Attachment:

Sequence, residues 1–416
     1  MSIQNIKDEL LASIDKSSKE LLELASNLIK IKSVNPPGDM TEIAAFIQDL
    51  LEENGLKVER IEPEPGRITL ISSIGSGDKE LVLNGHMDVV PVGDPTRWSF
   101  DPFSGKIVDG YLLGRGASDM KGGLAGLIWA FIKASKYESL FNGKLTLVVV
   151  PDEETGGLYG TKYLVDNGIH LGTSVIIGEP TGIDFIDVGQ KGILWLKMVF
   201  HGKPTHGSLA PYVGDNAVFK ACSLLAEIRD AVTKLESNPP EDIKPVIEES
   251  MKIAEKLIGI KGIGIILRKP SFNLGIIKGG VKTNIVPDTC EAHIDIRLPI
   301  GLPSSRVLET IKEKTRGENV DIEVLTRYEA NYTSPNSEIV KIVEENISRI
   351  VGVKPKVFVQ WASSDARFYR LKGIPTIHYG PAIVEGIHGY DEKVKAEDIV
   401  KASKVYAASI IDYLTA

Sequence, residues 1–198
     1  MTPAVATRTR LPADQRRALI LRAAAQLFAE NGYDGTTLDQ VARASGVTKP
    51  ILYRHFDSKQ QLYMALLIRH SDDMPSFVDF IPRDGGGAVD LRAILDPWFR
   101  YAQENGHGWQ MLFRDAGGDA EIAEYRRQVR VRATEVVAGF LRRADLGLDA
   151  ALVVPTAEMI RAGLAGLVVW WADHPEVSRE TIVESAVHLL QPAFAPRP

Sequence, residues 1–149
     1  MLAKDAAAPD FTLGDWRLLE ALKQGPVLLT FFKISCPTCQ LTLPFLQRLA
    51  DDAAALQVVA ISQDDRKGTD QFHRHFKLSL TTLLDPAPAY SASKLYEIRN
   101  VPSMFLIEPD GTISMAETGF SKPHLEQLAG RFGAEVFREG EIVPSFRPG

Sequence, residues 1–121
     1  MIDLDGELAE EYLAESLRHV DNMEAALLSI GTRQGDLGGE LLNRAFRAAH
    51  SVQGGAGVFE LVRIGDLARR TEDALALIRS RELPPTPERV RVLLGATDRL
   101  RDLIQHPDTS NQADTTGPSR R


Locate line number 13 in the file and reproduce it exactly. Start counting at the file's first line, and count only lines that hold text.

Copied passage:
    51  ILYRHFDSKQ QLYMALLIRH SDDMPSFVDF IPRDGGGAVD LRAILDPWFR